Synopsis by Cavett Binion
This mundane, predictable psycho-thriller was originally conceived as a sequel of sorts to the 1989 version of Phantom of the Opera, another unsuccessful horror vehicle for Robert Englund. Filmed on location in St. Petersburg, the film stars Englund as the co-director of a prestigious Russian dance academy whose students are systematically murdered by an unknown interloper shortly after the arrival of an American student (Michelle Zeitlin) -- whom Englund perceives as a young version of his former lover, the wheelchair-bound Svetlana. By the time the clueless ingenue figures out who's responsible, half of her classmates have already been drowned, hanged or thrown from various heights. Unfortunately, the entire "mystery" hinges on a laughably transparent attempt at visual deception; it's painfully obvious from the get-go that Englund's relationship with the invalid Svetlana is remarkably similar to that of Norman Bates and dear old Mom -- something the students fail to recognize, even to the bitter end. A few red herrings are batted about, but they serve more to annoy the audience than to convolute the plot. It's hard to tell whether writer/director Greydon Clark (who graced us with the likes of Satan's Cheerleaders) wanted to draw parallels to Dario Argento's Suspiria, but he's definitely out of his league here regardless. The atmospheric locales provide some degree of class, but their somber potential is sadly wasted.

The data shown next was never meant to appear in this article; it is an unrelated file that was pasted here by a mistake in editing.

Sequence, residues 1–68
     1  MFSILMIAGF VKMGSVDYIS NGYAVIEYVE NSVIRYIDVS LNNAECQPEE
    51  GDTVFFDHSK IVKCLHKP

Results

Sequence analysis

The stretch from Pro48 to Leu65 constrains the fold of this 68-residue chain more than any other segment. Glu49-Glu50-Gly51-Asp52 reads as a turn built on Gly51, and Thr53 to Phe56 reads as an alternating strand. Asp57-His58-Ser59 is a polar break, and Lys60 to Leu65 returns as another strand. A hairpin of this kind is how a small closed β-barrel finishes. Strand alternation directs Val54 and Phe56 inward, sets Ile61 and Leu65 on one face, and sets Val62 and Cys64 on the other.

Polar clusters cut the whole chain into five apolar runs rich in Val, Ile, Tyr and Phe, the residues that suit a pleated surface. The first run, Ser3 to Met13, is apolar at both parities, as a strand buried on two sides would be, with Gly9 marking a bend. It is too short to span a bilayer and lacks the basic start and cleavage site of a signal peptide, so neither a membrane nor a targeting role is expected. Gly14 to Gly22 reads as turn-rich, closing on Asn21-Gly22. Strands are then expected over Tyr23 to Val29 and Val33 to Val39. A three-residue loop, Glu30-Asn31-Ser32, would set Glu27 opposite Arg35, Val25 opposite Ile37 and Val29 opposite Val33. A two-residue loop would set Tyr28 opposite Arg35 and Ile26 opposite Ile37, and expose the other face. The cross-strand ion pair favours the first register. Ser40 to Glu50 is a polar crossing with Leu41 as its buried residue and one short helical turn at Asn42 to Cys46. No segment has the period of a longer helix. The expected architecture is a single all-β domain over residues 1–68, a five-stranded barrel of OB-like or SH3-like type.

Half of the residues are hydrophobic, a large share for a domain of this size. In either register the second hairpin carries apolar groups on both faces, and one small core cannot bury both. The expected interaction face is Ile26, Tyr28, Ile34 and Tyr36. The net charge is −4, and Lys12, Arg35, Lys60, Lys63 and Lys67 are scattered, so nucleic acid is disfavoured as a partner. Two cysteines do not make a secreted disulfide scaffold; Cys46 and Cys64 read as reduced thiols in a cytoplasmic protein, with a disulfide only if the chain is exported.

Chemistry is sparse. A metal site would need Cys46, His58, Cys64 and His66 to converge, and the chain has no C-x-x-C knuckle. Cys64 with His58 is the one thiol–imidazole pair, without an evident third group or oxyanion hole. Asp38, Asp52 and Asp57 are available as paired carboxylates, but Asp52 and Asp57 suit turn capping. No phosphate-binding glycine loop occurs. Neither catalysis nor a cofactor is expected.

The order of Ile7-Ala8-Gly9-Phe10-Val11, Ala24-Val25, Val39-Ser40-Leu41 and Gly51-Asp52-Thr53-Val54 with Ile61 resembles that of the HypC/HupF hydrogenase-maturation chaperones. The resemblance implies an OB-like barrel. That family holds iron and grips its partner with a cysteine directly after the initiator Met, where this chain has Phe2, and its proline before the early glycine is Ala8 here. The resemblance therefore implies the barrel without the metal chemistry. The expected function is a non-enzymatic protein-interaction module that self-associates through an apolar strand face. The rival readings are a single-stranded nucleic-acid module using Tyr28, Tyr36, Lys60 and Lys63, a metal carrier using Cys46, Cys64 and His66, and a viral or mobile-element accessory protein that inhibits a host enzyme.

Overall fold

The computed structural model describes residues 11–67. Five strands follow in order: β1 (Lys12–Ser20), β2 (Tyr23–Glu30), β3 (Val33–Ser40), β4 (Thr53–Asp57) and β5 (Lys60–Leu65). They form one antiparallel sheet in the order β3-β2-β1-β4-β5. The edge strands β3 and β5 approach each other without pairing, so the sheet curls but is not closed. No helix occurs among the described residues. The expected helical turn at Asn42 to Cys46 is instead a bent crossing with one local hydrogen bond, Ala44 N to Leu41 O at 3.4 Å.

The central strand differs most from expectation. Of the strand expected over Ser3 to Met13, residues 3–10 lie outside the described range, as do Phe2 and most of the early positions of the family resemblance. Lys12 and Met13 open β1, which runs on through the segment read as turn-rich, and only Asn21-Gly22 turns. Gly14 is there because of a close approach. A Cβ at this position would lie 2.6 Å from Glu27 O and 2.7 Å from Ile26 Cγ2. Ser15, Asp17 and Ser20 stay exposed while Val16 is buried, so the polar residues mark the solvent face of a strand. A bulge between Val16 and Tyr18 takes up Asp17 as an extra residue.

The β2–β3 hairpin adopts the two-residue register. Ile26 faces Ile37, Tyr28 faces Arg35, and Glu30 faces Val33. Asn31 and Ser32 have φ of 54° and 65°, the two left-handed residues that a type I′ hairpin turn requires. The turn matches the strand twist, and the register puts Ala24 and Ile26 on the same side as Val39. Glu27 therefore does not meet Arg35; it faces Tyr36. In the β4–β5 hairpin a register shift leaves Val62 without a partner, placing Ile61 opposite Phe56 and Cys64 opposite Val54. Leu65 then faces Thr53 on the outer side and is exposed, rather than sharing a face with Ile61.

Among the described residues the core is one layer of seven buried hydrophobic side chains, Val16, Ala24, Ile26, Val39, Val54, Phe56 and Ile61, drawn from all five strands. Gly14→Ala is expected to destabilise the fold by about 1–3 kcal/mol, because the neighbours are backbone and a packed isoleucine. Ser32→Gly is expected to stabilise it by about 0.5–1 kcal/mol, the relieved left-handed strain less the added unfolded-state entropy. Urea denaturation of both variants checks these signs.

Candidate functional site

academy, dance [art], dance-troupe, murder, wheelchair